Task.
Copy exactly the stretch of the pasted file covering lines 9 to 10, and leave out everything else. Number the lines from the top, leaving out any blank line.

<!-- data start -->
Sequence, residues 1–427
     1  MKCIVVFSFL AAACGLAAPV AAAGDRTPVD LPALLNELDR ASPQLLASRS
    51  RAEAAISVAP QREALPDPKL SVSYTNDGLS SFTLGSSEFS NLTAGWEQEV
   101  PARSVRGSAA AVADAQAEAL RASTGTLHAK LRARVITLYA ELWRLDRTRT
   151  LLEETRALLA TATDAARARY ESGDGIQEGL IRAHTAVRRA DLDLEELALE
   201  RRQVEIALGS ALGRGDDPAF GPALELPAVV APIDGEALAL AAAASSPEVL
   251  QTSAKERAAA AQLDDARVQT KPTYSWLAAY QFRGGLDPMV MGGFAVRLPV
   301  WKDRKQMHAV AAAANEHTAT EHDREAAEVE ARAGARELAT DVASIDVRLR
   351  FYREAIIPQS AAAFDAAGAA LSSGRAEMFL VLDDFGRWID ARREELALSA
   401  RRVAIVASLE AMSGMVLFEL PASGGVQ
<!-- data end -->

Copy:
   351  FYREAIIPQS AAAFDAAGAA LSSGRAEMFL VLDDFGRWID ARREELALSA
   401  RRVAIVASLE AMSGMVLFEL PASGGVQ